After you’ve got a piece cut for the front of your birdhouse, lay it back on the birdhouse again. Now take your finger and run it over the paper, tracing a path around and around the entrance/exit hole in the birdhouse. Do it hard enough to make the paper pucker a bit over the edge of that hole — the idea is that you want to make a faint crease around the entire hole so that (again) you’ll know where to cut. If you look at the photo below (enlarge it!) you’ll see some discoloration where Lori ran her finger around the entrance and exit. Next, hold that piece of paper in place over the holes, take a pencil, and drive it through the page at the center of the entrance/exit hole. (Don’t be scared!) Now run your fingers over the paper, feeling for the perch hole(s). When you’re sure you’ve located it/them, drive your pencil through the paper, so that it tears through and forces a few scraggly edges of paper into the hole meant for your perch.

There are four holes in this piece of paper (which is just laying atop the birdhouse - not glued down!) The first and third holes were punched through the entrance and exit. The second and fourth holes will be for the pencil perches.

When you flip the paper over, you should have jagged, torn edges around your perch hole. Just trim those off and you’re done with that bit. If you angle your paper a bit in good light, you should be able to see a line where the edge of your entrance/exit hole would be, and there should be (thanks to your pencil) a hole in the middle of that space through which you can stick your scissors to begin the actual cutting. I usually cut several straight lines that radiate away from the center of my punched hole out to the edge of my circle. When I’m done with that, I cut on the crease line that’s visible between those radial slices. That way I’m only cutting one short curve at a time, which I find easier than holding my hand in an awkward position and attempting to cut a perfect circle in just one go.

After you’ve got all your pieces cut, you are ready to begin pasting them onto your painted birdhouse. (Just make sure the paint is dry first!) I personally like to cut out ALL of my pieces before I start gluing them to my birdhouse. That way I can lay them on top or lightly tape them to the sides and see if I’m happy with my overall composition before I actually attach them to the birdhouse.

Pieces cut and ready to be added to Beth Puffer's birdhouse.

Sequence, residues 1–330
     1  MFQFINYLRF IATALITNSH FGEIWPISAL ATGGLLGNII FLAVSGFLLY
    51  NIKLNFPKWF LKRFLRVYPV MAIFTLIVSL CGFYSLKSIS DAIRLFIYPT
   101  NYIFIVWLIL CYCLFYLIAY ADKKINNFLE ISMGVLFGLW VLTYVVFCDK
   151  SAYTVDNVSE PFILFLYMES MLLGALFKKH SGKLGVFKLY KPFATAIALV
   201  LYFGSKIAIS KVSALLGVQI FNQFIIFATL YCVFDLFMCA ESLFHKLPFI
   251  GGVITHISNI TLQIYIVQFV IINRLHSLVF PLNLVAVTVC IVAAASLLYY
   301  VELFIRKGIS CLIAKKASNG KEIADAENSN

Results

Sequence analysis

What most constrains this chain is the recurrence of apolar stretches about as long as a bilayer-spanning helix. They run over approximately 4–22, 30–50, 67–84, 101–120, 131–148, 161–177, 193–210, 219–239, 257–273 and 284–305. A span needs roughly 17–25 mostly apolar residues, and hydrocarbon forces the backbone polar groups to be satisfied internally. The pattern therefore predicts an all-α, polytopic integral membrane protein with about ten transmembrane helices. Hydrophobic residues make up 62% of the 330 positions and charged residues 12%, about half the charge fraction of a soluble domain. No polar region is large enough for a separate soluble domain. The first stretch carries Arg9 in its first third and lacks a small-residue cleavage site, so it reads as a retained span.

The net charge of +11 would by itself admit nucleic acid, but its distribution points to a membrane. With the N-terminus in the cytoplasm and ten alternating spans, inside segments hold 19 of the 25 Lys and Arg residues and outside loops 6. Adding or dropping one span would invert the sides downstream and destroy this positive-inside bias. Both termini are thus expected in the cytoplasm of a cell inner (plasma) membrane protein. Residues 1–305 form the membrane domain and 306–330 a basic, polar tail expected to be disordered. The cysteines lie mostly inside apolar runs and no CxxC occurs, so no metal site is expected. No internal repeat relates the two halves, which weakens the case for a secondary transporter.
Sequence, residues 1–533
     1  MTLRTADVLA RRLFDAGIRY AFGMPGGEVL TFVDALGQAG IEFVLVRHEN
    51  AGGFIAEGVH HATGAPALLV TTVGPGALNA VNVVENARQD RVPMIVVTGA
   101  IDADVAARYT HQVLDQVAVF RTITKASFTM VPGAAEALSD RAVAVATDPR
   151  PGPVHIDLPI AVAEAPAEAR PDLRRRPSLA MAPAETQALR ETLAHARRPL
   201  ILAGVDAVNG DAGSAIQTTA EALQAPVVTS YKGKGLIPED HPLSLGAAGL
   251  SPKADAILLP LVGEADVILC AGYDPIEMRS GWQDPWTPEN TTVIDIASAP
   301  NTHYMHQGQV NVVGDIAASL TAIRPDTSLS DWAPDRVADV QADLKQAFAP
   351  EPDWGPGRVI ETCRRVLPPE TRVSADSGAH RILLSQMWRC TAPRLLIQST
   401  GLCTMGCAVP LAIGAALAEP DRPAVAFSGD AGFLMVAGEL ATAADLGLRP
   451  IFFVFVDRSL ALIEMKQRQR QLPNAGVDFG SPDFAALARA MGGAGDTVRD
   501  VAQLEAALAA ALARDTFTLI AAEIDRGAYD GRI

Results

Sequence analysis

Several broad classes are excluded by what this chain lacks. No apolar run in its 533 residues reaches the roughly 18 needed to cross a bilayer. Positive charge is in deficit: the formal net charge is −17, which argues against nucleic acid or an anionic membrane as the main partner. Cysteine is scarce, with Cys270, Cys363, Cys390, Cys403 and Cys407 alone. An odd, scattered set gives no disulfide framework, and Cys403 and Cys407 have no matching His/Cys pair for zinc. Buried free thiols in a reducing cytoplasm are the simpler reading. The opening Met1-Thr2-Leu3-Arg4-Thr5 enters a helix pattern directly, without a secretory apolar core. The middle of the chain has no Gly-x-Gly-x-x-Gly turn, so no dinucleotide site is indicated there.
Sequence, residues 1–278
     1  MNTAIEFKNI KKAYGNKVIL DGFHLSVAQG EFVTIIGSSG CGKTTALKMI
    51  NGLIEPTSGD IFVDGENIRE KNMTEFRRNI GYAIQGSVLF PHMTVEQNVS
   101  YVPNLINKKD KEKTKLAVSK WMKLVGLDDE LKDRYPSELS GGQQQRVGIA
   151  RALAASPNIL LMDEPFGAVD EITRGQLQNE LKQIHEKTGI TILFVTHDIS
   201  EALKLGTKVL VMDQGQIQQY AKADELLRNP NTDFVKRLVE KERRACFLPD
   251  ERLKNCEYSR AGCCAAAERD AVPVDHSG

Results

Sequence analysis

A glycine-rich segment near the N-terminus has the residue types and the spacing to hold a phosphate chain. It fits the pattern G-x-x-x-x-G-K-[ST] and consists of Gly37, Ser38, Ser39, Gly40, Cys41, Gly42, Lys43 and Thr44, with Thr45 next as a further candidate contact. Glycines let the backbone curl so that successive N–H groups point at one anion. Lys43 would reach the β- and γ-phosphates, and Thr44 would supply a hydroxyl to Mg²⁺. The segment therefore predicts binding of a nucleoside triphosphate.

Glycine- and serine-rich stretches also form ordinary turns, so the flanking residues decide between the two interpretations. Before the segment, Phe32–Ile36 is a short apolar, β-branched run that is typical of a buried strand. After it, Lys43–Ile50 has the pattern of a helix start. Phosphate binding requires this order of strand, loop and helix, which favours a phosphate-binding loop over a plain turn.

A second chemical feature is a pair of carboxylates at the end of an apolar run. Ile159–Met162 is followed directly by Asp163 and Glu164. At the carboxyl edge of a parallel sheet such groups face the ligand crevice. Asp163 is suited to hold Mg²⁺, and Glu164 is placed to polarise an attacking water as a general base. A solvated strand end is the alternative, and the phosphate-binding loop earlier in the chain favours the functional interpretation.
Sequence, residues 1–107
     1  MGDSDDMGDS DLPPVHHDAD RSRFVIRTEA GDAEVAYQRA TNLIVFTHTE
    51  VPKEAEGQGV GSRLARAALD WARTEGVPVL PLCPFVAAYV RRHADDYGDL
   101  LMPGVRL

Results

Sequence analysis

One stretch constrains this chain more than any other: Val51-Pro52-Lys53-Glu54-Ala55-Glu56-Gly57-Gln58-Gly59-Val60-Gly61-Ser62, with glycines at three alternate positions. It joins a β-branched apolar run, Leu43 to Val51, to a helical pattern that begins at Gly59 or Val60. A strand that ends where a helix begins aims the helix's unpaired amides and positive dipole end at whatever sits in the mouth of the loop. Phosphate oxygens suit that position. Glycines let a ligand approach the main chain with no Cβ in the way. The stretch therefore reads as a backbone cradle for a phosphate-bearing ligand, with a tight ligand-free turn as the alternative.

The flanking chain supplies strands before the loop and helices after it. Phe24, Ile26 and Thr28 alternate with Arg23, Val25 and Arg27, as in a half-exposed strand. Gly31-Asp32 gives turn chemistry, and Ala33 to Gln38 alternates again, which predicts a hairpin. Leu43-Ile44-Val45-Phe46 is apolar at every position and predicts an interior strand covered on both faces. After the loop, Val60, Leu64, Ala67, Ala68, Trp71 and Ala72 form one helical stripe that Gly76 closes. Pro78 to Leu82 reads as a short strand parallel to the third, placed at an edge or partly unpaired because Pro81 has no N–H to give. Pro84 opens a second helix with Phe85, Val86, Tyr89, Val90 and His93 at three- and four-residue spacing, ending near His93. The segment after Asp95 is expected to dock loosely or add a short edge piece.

My favorite adhesive to use for this project is Yes Paste because it spreads well once you’ve used it for a bit, it’s not runny so it doesn’t oversaturate your paper, it remains repositionable for a few vital seconds after you first put your paper in place, and it lays nice and flat on the birdhouse with a lot less puckering than I’ve had when I used other glues. Alas I’ve found no guaranteed cure for puckering, but with Yes Paste I’ve had considerably less than I have with any other glue or paste that I’ve tried.

Lay the piece you’re working with face-down on a piece of scrap paper (I like to use discarded magazines or catalogs for this — when one spread gets gluey I just turn a few pages and voila! a new surface to work with). With a sturdy paintbrush, spread paste on your paper working from the center out, making sure to cover the entire surface of the page. You don’t have to use a lot of paste — the idea is not to glop it on, or you’ll have to wipe all your edges afterward. Just put a thin, clean layer on the entire piece, and try to work moderately fast so that the paste doesn’t dry too much in the process.

After you’ve got the back of your piece fully covered, lay it on the side of your birdhouse where you’d like it to be. If you’re off the first time and you act fast, you can peel it off and then lay it on again, or just push it with your fingers so that it’ll slide into the right position. Once it’s where you want it, smooth it all down so that there aren’t any bubbles anywhere. Wipe any extra paste off the edges. If your paper winds up hanging over an edge, use your scissors or an Exacto knife to trim it so that it’s flush.

Do the same thing with the other sides of your birdhouse until all the sides are covered.